Gerald C

Thursday 20th October 1977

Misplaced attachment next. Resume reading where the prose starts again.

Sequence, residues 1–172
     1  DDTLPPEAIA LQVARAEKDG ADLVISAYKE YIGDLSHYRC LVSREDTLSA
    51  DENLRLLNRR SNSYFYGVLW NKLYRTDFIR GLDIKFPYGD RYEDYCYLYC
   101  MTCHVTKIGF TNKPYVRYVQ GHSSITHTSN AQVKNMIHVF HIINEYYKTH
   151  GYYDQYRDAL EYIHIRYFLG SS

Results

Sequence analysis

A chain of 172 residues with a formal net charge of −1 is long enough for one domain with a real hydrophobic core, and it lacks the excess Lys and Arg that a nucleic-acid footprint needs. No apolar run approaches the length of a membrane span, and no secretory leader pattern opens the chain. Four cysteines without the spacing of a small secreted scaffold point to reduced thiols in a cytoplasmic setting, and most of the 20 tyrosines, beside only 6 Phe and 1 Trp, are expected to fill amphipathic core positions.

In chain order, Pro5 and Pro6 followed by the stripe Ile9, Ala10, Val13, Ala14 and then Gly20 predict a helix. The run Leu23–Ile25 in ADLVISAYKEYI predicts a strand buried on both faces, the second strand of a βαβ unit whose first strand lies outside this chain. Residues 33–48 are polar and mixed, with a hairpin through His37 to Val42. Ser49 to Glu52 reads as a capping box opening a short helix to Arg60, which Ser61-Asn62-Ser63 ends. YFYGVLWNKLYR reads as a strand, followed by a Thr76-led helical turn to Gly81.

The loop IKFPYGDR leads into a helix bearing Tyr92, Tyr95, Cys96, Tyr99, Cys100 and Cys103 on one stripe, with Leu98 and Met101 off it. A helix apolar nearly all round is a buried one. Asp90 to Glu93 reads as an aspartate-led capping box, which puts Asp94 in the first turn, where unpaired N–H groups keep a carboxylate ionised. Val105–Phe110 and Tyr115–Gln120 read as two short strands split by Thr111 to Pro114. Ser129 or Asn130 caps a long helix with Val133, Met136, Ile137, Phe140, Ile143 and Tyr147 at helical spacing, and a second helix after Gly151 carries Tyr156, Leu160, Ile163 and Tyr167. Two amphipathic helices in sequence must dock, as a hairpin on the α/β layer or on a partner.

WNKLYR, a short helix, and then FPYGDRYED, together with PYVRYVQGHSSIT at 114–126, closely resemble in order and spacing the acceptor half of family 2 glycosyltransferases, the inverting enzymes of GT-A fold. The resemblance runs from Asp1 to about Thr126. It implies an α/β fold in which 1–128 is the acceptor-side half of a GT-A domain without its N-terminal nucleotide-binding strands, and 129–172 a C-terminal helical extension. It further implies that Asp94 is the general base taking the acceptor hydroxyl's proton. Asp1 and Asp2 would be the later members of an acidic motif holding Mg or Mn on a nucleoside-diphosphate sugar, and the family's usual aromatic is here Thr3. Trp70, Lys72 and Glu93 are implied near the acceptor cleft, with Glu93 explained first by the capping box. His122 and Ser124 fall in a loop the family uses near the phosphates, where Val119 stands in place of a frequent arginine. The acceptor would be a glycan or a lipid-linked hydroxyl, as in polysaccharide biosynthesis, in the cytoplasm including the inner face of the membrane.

Gerald C. Meyers was elected Chairman of American Motors. At the time, Meyers was 49 years old and became the youngest top executive in the automobile industry bringing a wealth of manufacturing experience. “The company was looking for a lot more than a steady hand on the tiller — it was looking for a saviour” but Meyers disagreed and argued that the company could survive and remain a factor in the automobile industry by abandoning its policy of head-on competition and instead focusing on and revamping its four-wheel-drive vehicles, a market segment left untended by the large automakers, and by acquiring advanced technology. For fiscal 1977, AMC’s profits more than doubled compared to the previous year to a record $83.9 million on sales of $3.1 billion. The smallest U.S. automaker saw its car sales increase 37%, while they dropped 21% for the industry as a whole. Meyers described AMC strategy as a “three-legged stool” of small cars, Jeeps, and steady government and military contracts. By 1979, the automaker’s management team headed by Meyers, … “sharply cut back its money-losing car operations … The perennially ailing baby of the auto industry suddenly looks healthy, and its new management team has a clear design for the future.”

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